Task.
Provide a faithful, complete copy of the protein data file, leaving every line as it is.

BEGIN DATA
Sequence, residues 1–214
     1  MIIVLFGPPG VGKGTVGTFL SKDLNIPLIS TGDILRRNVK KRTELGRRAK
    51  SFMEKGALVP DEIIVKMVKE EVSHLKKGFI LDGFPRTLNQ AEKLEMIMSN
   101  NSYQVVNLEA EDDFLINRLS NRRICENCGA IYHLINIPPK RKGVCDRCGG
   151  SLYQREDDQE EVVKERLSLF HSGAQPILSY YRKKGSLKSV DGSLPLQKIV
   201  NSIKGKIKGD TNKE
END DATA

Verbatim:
Sequence, residues 1–214
     1  MIIVLFGPPG VGKGTVGTFL SKDLNIPLIS TGDILRRNVK KRTELGRRAK
    51  SFMEKGALVP DEIIVKMVKE EVSHLKKGFI LDGFPRTLNQ AEKLEMIMSN
   101  NSYQVVNLEA EDDFLINRLS NRRICENCGA IYHLINIPPK RKGVCDRCGG
   151  SLYQREDDQE EVVKERLSLF HSGAQPILSY YRKKGSLKSV DGSLPLQKIV
   201  NSIKGKIKGD TNKE